However this record isn’t about ‘Christopher and the Old Band’, it’s very much a record for hearth and family. ‘Love Story’, the loose telling of how Sanson and Stills got together (each one hurt and protesting they never wanted to be in a relationship again) is one of Stills’ best romantic compositions – not so much a song as one long outpouring of emotion that comes, line by line, almost in real time 9with the pay-off where the song’s lovers finally come together one of the composer’s most satisfying moments). ‘To Mama’ mentions Stills’ first-born by name, written both as loving tribute to son and moral message to sad: this is what you’ve waited so long for, there’s nothing in your life more important than this. It remains one of the better AAA songs about children, Stills wanting to be worthy of his child’s innocent and uncompromised faith in him. Even ‘My Favourite Changes’, a postmodernist song about the act of writing, is more about family – Stills taking us through some familiar sounding chords as he tells us what they remind him of and offering us asides about how ‘this one reminds me of my baby – it’s frightening how she trusts me so’ and how he lost his way ‘trying to live up to this thing I lucked into at 25’ (actually stills was 21 when ‘For What It’s Worth’ became a hit). Even the fact that Stills can’t think of ‘a clever rhyme for this song of mine’ because nothing rhymes with the title doesn’t seem to worry him – he’s where he should be, revelling in rather than reviling the pipes and slippers atmosphere he’s been putting off all these years (while still admitting ‘this music won’t let me go’ – Sanson be warned).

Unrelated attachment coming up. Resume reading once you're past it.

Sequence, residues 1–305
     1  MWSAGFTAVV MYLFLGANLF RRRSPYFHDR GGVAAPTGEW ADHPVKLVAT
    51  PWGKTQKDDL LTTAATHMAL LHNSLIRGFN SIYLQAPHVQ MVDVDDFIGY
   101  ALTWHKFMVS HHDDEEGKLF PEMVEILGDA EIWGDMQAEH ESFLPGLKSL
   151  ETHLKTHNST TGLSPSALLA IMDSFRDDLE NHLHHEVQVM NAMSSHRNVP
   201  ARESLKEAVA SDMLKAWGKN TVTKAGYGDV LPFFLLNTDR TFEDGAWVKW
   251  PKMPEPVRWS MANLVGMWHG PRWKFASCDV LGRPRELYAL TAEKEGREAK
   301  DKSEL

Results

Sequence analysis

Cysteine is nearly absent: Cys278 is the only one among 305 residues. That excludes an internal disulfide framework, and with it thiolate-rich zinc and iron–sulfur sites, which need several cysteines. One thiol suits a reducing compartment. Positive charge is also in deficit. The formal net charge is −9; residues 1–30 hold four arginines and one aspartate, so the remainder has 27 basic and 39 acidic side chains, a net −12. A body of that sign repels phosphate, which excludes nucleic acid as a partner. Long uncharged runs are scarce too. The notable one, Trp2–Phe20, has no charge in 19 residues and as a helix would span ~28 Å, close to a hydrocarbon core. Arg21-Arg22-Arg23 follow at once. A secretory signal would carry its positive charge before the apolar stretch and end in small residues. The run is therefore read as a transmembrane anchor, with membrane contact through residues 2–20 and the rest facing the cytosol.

Other songs are more subtle about the family link and are more about wanting to be a better person. ‘Turn Back The Pages’ finds Stills disappointed first with himself then those around him (‘I thought I knew you – but I did not know myself!’ is a great opening to any album), offering himself a get out clause he doesn’t take (‘Life’s too short for repetitious changes!’) before vowing to do better next time in one of his best rousing choruses (think ‘Sit Yourself Down’, erm, standing up). ‘My Angel’, a sad ballad written probably after another rejection from Judy Collins circa 1967, is transformed into an upbeat soft-shoe shuffle rocker about Stills trying to get through ‘how deeply you touched me’. (In 1967 Stills sounded like he didn’t have a hope – in 1975 he’s relishing the challenge!) ‘First Things First’, Stills’ latest latin-based number, is a two minute bop about being content to live in the now and ignore ‘tomorrow’. That just leaves the Manassas leftover ‘Shuffle Just As Bad’ (a kind of early version of ‘Dark Star’, possibly here because it’s an early song for Veronique – we don’t know for sure but the timing is right) and the generous Neil Young cover ‘New Mama’.